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Five tips to handle suggestions from your supporters

April 17th, 2015 Posted in Fundraising

Passionate, deeply involved supporters are a godsend, but when they start to provide well-intentioned feedback, it can be more distracting than helpful.

Here are some pointers on separating the wheat from the chaff and fielding supporter feedback.

1. Consider the Source

Some of the loudest opinions come from the least credible sources. Don’t get caught up in how elaborate, persistent, or aggressive someone is. Instead, focus on their credentials and experience.

There is always the possibility that the person offering advice actually knows what they are doing. These suggestions will most likely look legitimate and be composed in a respectful way that clearly demonstrates sound thinking.

But if the advice is coming from someone who has no experience serving the needs of your beneficiaries and simply has loud opinions, you can safely move on.

Look for experts and people who have accomplished something like what you hope to accomplish. Take the advice of these people seriously when it’s offered, and go out of your way to ask for it.

2. Look for Patterns

Even if those offering suggestions and advice are not experts in the field, you might still take notice if the same thing is mentioned by more than one person. Sometimes being close to your cause makes it easy to miss the obvious, and external input, even from non-experts, can be revealing.

If you notice a lot of your supporters are offering the same kind of advice or criticizing the same issue, take a deeper look. Even if it’s not a real problem, it’s clearly something you should address in your messaging, since it’s popping up on the radar of many of your supporters.

3. Get the Details

Vague, non-specific criticism or advice is a safe way for people to feel involved without actually having to produce any concrete items that they could be held accountable for. If you follow-up on feedback of this kind, make sure to ask for specifics.

  • If someone says your message is confusing, ask them specifically which part is confusing, and what you can do to make it clearer.
  • If they loved your presentation, ask what specifically connected with them so you can use it again next time.
  • If someone expresses anger, frustration, or sadness, ask they what made them feel that way. It might have nothing to do with your message, and explaining past it could earn you a supporter.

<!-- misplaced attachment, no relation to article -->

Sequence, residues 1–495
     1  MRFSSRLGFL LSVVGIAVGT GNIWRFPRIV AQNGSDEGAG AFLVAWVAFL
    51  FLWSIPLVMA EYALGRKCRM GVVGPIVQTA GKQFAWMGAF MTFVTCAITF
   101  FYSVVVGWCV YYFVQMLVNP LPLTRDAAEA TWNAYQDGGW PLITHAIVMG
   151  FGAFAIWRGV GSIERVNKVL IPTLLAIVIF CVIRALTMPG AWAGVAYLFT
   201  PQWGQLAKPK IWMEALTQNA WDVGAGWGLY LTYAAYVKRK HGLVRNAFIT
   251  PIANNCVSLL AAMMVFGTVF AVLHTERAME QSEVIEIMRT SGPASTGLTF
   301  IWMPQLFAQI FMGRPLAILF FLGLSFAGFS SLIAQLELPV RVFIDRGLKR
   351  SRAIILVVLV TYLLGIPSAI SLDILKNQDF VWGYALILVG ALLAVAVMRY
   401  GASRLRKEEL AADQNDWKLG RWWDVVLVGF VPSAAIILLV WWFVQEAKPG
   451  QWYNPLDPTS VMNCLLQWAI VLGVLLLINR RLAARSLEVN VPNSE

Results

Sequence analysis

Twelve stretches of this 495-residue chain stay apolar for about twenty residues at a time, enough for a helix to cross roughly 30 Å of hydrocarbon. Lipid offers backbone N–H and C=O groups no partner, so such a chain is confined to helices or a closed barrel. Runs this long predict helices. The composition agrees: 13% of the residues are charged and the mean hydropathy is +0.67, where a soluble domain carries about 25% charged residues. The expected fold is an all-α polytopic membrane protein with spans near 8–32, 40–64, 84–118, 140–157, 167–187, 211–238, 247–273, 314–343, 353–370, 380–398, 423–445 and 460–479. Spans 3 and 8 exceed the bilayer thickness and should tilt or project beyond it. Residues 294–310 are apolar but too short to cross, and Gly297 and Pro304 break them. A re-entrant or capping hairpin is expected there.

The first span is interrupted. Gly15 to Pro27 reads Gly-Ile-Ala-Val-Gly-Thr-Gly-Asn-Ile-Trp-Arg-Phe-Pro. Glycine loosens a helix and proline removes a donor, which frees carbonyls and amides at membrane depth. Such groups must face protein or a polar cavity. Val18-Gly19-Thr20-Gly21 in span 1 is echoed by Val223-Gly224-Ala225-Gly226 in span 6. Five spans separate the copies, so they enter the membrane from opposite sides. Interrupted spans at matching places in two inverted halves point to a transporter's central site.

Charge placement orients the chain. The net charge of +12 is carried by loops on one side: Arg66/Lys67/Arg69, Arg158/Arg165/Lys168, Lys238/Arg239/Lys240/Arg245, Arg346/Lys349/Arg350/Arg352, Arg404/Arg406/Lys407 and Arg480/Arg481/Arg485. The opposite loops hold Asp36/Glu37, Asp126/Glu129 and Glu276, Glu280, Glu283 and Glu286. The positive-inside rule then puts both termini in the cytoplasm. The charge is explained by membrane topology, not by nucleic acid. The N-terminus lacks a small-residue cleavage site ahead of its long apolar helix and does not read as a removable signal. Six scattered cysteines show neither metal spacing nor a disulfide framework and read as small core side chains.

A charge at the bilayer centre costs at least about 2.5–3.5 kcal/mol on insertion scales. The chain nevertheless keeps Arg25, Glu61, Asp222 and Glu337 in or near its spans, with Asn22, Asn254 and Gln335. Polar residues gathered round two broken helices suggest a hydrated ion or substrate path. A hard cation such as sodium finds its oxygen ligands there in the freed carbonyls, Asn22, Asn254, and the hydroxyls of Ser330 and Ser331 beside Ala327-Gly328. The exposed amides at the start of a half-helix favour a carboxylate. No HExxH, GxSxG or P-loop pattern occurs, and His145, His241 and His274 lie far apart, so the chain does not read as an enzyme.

4. Stay Cordial

One of the most useful tricks I ever learned in dealing with criticism as a writer and a blogger is to thank people for their criticism. It catches them off guard because they are expecting defensiveness and it can turn an irritation into a genuinely invested supporter.

  • Even if the advice is not helpful or appreciated, thank the person for taking the time to offer it.
  • If you’ve decided to ignore it, you don’t need to offer an explanation. Simply saying, “thank you for your feedback,” is enough.
  • Assuming the people offering advice are your donors, it’s important to acknowledge them, since how you handle an interaction like this can determine how willing they will be to support you in the future.
  • Remember, people just want to be heard and recognized.

5. Remember You’re in Charge

Finally, remember that you are the final arbiter of what your nonprofit does and does not do. Even though you rely on donations from outsiders, those people are entrusting their money to you to do with as you see fit You are the expert here, and giving their support, donors acknowledge that to be true. They don’t have the right to dictate how the money is used after the fact.

You are the one who stepped up and decided to do something about a problem in the world. And while your solution or your execution may not be perfect, you are the one in the field, taking the risks and expending your precious time and energy.

So, realize that everyone will have an opinion, but you only have to listen to those that will improve what you’re doing.

February 26, 2015

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